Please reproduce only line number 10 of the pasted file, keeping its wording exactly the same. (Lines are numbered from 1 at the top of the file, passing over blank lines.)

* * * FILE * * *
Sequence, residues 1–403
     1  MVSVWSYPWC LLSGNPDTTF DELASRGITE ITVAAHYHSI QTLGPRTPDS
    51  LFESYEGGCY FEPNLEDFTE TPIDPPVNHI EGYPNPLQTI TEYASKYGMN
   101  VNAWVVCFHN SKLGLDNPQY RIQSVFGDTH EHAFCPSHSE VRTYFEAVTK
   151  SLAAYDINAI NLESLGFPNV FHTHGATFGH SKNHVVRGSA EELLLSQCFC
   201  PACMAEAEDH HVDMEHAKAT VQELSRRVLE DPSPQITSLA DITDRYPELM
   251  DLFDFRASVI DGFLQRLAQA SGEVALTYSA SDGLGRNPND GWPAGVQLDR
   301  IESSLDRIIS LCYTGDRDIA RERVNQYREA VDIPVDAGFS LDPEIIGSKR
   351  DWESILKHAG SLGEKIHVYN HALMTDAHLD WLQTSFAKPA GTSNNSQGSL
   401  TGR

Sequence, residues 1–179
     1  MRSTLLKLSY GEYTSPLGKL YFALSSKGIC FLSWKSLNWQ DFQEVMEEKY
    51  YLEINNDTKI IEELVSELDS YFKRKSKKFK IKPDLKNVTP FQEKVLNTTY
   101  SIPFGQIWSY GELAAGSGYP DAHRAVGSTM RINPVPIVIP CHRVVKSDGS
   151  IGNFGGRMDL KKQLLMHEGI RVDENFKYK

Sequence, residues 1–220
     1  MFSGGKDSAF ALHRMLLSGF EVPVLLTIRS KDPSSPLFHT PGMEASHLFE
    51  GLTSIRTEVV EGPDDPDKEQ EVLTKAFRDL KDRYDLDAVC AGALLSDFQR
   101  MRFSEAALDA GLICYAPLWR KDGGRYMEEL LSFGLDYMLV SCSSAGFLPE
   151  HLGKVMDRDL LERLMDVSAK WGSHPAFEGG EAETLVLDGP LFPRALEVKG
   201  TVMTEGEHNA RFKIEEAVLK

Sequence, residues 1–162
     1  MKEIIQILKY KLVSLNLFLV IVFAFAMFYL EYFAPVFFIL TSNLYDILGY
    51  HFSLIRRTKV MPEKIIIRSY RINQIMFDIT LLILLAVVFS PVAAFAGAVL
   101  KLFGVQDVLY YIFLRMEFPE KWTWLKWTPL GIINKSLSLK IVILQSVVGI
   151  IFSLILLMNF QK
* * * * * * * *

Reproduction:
   401  TGR